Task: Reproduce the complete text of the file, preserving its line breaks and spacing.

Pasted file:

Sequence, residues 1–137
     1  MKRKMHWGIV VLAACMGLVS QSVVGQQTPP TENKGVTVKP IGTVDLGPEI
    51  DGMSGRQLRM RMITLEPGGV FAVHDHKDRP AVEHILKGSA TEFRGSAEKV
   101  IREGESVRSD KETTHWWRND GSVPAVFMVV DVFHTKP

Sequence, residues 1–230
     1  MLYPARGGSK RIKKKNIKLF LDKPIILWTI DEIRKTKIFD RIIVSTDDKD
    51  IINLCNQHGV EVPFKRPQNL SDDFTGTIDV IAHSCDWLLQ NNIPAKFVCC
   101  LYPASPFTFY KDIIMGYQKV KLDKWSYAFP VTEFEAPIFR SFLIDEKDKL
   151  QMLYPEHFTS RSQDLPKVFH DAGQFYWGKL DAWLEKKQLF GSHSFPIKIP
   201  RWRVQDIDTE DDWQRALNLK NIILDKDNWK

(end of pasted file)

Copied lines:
Sequence, residues 1–137
     1  MKRKMHWGIV VLAACMGLVS QSVVGQQTPP TENKGVTVKP IGTVDLGPEI
    51  DGMSGRQLRM RMITLEPGGV FAVHDHKDRP AVEHILKGSA TEFRGSAEKV
   101  IREGESVRSD KETTHWWRND GSVPAVFMVV DVFHTKP

Sequence, residues 1–230
     1  MLYPARGGSK RIKKKNIKLF LDKPIILWTI DEIRKTKIFD RIIVSTDDKD
    51  IINLCNQHGV EVPFKRPQNL SDDFTGTIDV IAHSCDWLLQ NNIPAKFVCC
   101  LYPASPFTFY KDIIMGYQKV KLDKWSYAFP VTEFEAPIFR SFLIDEKDKL
   151  QMLYPEHFTS RSQDLPKVFH DAGQFYWGKL DAWLEKKQLF GSHSFPIKIP
   201  RWRVQDIDTE DDWQRALNLK NIILDKDNWK